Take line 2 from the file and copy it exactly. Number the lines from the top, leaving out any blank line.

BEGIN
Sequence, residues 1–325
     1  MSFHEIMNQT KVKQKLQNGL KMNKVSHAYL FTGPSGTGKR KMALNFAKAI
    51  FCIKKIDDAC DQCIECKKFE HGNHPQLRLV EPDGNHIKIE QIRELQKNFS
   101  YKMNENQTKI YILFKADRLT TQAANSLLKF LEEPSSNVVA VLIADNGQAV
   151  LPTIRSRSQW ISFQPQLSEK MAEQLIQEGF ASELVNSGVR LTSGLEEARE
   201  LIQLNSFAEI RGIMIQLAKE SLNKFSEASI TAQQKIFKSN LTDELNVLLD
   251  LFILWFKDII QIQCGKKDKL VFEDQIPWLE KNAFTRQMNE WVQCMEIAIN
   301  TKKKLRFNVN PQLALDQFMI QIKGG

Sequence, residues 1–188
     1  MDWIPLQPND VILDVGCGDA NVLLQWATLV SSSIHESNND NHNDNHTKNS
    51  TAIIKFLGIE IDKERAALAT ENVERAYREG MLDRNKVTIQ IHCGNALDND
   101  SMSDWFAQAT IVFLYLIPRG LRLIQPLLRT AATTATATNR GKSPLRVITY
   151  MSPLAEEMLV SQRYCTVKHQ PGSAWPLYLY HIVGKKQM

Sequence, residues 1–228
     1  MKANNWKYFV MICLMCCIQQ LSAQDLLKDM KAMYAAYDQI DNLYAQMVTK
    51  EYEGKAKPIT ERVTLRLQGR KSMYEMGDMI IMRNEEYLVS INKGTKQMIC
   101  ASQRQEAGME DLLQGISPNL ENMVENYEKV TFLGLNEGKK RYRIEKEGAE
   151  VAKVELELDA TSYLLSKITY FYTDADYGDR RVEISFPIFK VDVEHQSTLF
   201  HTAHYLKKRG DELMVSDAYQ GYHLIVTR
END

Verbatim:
     1  MSFHEIMNQT KVKQKLQNGL KMNKVSHAYL FTGPSGTGKR KMALNFAKAI